The Environmental Protection Agency has increasingly stopped punishing polluters caught violating federal laws intended to maintain air and water safety, according to a report by the watchdog group Environmental Data and Governance Initiative (EDGI).
The group found steep drops in the EPA’s enforcement of environmental laws in 2018, particularly in the EPA’s Region 8, which is made up of Colorado, Montana, Utah, Wyoming and the Dakotas, as well as 27 Indigenous nations. According to the EPA’s internal numbers, the agency opened 53 percent fewer enforcement cases in the region in 2018 compared to the previous year. The agency concluded just 53 cases in the region, less than half of the cases closed in Region 8 in every year going back to at least 2006. Between 2010 and 2015, the region saw more than 100 cases settled each year, Pacific Standard reported.
Nationwide, EDGI reports that EPA enforcement saw a 38 percent drop in orders compelling polluters to comply with the law and a 50 percent drop in fines.
“It’s another iteration of EPA’s industry-friendly approach,” EDGI’s Marianne Sullivan, a public health expert at William Paterson University, told High Country News. “It says we’re prioritizing industry’s needs and desires over the health of our environment and the health of our communities.”
The EPA’s attempts to roll back regulations have largely been caught up in the courts so the agency appears to be doing its own internal rollback, declining to police the laws it is responsible for enforcing by essentially ignoring the violations.
The EPA denied ignoring the law.
“There has been no retreat from working with states, communities, and regulated entities to ensure compliance with our environmental laws,” EPA spokeswoman Maggie Sauerhage told High Country News. “Focusing only on the number of federal lawsuits filed or the amount of penalties collected fails to capture the full range of compliance tools we use.”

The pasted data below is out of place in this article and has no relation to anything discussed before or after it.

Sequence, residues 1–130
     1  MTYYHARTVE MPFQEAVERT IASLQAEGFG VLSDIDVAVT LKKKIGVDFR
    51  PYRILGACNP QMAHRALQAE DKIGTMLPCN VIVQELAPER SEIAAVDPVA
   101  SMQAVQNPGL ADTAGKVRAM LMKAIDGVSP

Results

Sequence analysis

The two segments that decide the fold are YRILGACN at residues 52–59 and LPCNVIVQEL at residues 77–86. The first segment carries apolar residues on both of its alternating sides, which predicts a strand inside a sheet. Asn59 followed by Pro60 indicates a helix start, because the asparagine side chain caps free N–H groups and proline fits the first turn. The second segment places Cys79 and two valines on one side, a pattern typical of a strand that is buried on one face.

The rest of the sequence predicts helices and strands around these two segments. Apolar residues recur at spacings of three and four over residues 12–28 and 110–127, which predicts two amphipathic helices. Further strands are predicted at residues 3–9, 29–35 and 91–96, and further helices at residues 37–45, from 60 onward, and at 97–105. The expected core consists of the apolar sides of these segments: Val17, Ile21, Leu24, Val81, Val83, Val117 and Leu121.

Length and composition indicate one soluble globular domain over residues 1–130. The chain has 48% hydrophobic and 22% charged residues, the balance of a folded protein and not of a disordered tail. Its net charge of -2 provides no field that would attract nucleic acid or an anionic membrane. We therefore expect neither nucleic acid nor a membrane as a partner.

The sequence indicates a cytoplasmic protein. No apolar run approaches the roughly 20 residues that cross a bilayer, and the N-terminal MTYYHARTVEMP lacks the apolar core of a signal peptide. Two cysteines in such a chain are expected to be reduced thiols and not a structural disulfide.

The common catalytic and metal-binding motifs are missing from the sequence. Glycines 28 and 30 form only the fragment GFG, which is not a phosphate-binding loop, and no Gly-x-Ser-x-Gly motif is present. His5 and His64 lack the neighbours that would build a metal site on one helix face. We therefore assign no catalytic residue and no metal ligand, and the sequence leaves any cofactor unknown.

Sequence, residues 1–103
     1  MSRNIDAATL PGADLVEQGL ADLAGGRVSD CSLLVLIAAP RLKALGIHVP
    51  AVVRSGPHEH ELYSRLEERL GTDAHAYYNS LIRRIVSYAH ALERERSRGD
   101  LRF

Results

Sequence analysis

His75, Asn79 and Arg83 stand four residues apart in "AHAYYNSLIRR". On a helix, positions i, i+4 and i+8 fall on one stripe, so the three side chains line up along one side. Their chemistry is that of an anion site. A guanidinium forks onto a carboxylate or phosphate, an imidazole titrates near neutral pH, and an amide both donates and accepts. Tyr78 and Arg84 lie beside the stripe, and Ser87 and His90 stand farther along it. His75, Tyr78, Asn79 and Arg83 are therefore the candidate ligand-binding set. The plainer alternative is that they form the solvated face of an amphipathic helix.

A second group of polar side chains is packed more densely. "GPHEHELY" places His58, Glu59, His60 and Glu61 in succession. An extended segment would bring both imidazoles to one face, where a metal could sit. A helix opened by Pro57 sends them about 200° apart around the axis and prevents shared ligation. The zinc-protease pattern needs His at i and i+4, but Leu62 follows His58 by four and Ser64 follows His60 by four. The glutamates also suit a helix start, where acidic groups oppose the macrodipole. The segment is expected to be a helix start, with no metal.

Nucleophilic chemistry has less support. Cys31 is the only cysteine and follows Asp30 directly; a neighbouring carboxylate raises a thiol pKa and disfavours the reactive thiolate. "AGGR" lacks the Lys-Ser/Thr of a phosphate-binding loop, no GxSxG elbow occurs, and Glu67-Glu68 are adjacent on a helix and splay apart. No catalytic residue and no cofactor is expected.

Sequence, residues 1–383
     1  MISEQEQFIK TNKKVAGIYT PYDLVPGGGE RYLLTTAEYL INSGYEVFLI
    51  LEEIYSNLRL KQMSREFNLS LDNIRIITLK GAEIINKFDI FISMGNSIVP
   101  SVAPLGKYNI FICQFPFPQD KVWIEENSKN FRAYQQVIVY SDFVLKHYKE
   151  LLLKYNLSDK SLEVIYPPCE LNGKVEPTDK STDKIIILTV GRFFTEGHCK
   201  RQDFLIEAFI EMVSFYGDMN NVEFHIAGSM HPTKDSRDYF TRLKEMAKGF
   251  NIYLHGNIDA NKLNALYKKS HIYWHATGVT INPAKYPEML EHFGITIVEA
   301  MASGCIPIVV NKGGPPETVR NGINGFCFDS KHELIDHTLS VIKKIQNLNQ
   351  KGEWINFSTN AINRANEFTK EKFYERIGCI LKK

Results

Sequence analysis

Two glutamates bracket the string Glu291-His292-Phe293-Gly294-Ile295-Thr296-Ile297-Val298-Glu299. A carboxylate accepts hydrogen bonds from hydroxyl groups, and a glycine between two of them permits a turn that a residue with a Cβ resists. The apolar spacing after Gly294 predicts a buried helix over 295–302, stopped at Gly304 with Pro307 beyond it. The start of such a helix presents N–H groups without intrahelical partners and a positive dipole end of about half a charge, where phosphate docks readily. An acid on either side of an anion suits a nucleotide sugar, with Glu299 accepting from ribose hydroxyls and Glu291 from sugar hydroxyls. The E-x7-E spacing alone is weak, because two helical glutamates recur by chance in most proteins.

But David Janik, who managed the EPA’s Region 8 legal enforcement program, said that focusing on compliance instead of enforcement “is a way of saying, ‘We might make people get back into compliance, but we’re resistant to the idea of punishment.’”
Janik told High Country News that enforcement is what helps achieve compliance.
“If I go 90 and I get caught, I’m paying $200 for punishment,” he said. “If one chemical company has a big case and they pay $40 million to settle it, other companies will say, ‘Maybe I should hire another guy to make sure we don’t slip into noncompliance.’ ”
The rollback of enforcement has helped companies save tens of millions of dollars in fines in some cases.
In 2015, the EPA and Colorado settled a case with Noble Energy after its gas storage tanks were found to leak volatile organic compounds. The VOCs were linked to smog on Colorado’s Front Range that has had alarming respiratory health effects. Under the settlement, Noble had to pay a $5 million fine and spend $60 million to reduce the leaks. Two similar cases resulted in substantial fines for the violators.
But three similar cases ended in much better terms for the violators after Scott Pruitt, Trump's first pick as EPA chief, took over. In all three cases, EPA declined to assess any violations at all and it’s unclear whether the companies involved were asked to do anything to address the problem.
The Noble settlement was part of an Obama administration program called National Enforcement Initiatives, which sought to limit the air pollution from oil and gas drilling. This year, EPA announced that the program would be renamed “National Compliance Initiatives” and would no longer target the oil and gas industries.
“It’s really about who’s going to benefit,” Sullivan told High Country News. “If industry doesn’t have to capture as much pollution, that may be good for their bottom line. But it puts the burden on the public. You can’t pollute for free. Either industry pays to capture it, or people pay with their health.”